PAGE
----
The dramatic upsurge in the popularity of home cinema projectors has opened the door for many traditionally business-only brands to have a crack at the living room market. But few such brands have grabbed this opportunity quite so enthusiastically as Epson. Its new 'Dreamio' range comprises a trio of high-spec projectors built from the ground up to suit movie rather than Powerpoint presentations.
Recently, we checked out the middle of the range with the EMP-TW200. Now, we're going straight to the top, with its flagship EMP-TW500. But what exactly gives the TW500 'flagship' status?
Perhaps it's down to its physical presence? It's simply enormous for an LCD projector. But while the TW500 may be big, it is certainly not ugly. The appeal comes from the glossy white finish, trendy curves, and neatly contrasting lens and control buttons.
Connectivity is suitably 'flagship' too. For starters there's a pair of component video inputs, both accompanied by horizontal and vertical sync phonos so that they can be used for PC as well as video sources. Composite and S-Video sources are also catered for, and there's even a digital HDMI input. Kit with alldigital HDMI connectivity is still relatively rare, so finding an input on the TW500 is a real bonus.
Epson made its fortune through business tools, so it's no surprise to find a range of PC connections too. A D-Sub interface connects with your laptop while the USB input is for a mouse. The ethernet port allows the TW500 to join a network. The D4 video socket is redundant outside Japan.
Even more flagship credentials can be found on the TW500's features list. Differentiating the TW500 from the mid-range TW200, is Faroudja's DCDi deinterlacing circuitry for a sharp, crisp image with no jagged edges; a dynamic black and white level adjustor; a special Theatre Black mode which pulls down the brightness but ramps up the contrast for use in completely darkened rooms and a Super White setting which stops the stressing of peak whites in low-brightness modes. There's also user-adjustable motion detection for smoothing the appearance of movement; noise reduction; and DVI video level adjustment.
Goodies shared between the TW500 and its TW200 sibling include progressive scan with optional motion control for non-progressive sources, a flesh tone colour corrector, and exhausting colour flexibility.
In terms of specs, the TW500 boasts a WXGA 1,280 x 720 native widescreen LCD panel, acclaimed 1,200:1 contrast ratio (up considerably from the TW200's 800:1), and brightness levels from anywhere between 350 and 1,000 ANSI Lumens to suit all manner of ambient light viewing conditions.
So far, so very good. These positive first impressions continue into set-up. There's both vertical and horizontal image shifting, along with a relatively short-throw 1.5 zoom lens which permits, for instance, an 80 in widescreen image from as little as 2.4m.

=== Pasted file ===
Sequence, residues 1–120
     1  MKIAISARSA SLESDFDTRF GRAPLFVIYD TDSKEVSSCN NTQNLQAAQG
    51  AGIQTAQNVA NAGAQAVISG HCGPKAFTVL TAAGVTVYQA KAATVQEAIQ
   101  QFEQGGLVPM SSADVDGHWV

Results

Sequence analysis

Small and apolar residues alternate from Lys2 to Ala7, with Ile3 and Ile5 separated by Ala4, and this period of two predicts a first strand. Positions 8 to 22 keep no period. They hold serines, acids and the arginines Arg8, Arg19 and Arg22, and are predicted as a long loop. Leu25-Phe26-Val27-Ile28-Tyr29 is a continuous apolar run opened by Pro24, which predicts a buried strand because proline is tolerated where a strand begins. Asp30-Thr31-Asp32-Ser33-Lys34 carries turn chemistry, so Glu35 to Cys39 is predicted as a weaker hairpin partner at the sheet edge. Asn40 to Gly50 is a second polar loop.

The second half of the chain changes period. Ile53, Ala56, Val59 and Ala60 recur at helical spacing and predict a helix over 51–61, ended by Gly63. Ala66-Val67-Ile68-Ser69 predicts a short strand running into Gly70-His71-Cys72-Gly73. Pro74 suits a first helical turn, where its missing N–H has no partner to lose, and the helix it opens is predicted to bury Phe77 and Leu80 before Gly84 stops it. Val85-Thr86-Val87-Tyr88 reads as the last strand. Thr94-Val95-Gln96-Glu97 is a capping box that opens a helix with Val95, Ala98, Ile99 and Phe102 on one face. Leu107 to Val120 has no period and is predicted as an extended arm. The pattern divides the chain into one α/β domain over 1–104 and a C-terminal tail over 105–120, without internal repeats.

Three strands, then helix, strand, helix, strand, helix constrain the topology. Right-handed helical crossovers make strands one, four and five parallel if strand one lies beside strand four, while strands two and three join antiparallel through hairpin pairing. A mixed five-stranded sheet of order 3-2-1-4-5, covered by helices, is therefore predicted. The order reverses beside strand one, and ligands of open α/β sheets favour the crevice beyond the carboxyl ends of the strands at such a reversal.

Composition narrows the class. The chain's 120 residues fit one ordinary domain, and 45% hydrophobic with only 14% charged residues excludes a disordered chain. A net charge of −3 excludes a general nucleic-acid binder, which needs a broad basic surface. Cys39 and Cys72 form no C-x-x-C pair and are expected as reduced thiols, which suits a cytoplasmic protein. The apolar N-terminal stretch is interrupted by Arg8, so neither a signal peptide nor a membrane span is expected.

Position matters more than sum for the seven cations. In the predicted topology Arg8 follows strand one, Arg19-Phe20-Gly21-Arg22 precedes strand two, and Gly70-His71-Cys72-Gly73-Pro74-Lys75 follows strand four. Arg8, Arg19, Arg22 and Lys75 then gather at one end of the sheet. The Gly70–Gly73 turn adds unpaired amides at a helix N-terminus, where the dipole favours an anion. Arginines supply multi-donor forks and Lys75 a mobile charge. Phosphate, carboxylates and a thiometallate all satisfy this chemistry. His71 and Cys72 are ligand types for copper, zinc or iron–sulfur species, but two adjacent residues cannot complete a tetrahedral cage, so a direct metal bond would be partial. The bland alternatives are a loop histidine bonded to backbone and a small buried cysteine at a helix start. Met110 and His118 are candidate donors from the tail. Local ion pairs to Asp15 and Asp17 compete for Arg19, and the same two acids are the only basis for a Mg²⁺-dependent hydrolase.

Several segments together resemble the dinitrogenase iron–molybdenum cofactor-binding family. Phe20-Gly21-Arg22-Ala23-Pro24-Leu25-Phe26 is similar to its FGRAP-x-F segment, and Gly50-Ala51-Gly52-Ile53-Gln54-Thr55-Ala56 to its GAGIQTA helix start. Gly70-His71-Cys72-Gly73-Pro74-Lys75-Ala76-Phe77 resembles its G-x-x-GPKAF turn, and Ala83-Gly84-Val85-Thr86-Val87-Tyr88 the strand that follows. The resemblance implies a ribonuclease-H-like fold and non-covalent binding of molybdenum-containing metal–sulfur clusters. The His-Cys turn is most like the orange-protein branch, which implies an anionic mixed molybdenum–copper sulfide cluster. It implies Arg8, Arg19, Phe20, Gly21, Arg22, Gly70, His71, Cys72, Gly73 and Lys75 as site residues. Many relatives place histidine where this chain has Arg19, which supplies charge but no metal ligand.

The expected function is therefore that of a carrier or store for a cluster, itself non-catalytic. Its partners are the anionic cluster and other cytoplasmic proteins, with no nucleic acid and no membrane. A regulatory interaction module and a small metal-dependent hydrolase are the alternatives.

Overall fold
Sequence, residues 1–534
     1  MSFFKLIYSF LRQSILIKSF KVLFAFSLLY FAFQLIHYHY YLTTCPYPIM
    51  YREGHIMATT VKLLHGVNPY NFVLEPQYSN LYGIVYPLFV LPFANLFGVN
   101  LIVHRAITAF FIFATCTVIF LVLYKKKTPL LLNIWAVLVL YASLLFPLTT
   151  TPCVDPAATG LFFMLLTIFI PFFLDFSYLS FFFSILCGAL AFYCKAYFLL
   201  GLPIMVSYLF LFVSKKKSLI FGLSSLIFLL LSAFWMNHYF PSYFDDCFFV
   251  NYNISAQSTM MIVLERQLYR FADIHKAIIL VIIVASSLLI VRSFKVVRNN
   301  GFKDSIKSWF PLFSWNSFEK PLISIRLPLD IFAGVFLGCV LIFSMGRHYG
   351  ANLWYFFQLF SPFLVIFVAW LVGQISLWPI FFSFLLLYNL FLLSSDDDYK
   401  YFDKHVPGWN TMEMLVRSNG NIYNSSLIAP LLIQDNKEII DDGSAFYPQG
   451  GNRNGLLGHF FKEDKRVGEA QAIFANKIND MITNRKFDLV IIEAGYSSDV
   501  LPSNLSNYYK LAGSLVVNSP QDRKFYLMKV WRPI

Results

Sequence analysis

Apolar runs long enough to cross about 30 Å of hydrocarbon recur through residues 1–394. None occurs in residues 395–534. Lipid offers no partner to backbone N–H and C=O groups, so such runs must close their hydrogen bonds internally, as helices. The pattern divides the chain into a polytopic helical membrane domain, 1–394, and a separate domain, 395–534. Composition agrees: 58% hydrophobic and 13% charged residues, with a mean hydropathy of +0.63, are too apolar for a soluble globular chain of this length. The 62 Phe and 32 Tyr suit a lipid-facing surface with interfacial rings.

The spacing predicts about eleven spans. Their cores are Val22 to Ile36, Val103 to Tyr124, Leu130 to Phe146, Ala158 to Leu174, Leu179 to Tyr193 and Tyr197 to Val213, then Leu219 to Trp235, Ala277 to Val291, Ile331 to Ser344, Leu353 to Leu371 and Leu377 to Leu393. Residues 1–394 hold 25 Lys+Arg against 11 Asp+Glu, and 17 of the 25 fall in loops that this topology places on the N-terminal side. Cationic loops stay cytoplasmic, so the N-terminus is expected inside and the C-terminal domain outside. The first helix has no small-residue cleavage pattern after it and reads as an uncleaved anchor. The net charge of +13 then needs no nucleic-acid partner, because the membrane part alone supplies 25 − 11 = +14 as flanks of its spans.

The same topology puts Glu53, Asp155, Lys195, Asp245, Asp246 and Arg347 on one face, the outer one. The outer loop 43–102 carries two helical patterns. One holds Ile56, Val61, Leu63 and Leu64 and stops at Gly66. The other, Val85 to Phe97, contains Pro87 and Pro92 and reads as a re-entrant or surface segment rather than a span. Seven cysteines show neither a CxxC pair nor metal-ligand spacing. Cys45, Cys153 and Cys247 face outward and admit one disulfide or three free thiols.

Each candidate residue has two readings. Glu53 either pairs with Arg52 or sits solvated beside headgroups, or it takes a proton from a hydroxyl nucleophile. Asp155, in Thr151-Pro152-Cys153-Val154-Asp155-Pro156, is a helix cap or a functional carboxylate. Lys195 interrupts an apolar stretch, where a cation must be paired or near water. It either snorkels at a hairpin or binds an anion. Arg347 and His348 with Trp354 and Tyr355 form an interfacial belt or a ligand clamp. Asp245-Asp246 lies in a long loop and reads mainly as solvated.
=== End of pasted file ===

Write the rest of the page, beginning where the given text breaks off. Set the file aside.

Such flexibility really is essential if a projector wants to be able to fit comfortably into most rather than a few living rooms.
Now to the most critical question of all: does the TW500 deliver a flagship level of performance? For starters, the TW500 has a superb contrast range that finds peak whites looking vivid and blacks surprisingly deep. The grey misting that flattens and mutes dark scenes with so many an LCD projectors is non-existent on the TW500.
Colour vibrancy is also excellent. Even the most subtle and demanding of hues is rendered with credibility (especially using my favoured Natural colour preset) and has pin-sharp edge definition.
The TW500 has a 10-bit A/D converter, 10-bit chromatic decoder and 10-bit panel driver, for smooth colour gradations. Such colour accuracy also helps give pictures a sense of tangible detail and depth. There's a level of clarity on show here that eludes the much cheaper TW200 model, especially if you use the dazzlingly clean HDMI input, with an HDMI enabled DVD player. Keeping the video signal in the digital domain from source to final processing reduces a significant amount of noise.
Given the price point, this projector's performance is a revelation. There is only one caveat that I would draw any potential buyer's attention to. A little too often for comfort I found myself unable to ignore the presence of a lightish vertical line structure in the image.
Especially noticeable over lightcoloured moving objects, this is the LCD's pixel-grid, and creates an anomaly known commonly as the chicken wire, or screendoor, effect. This mesh-like LCD panel structure is common on the majority of LCD projectors - but while it's less evident on the TW500 than on Epson's own TW200, it's still there nonetheless.
For me, this chicken wire issue proves slightly harder to bear than any mosquito noise or rainbow effect rival DLP-based models might throw up. That said, some viewers are far less bothered by vague pixel-structure issues than DLP's rainbow. It's a personal thing, I guess.
Build quality is excellent. A particularly fine job has been done on suppressing fan noise.
Overall, the TW500 is a superior LCD projector - and certainly the best yet produced by Epson. In most ways it puts the vast majority of other LCD projectors to shame. My advice would be to audition one at the earliest opportunity, and come to a conclusion on the pixelgrid issue yourself.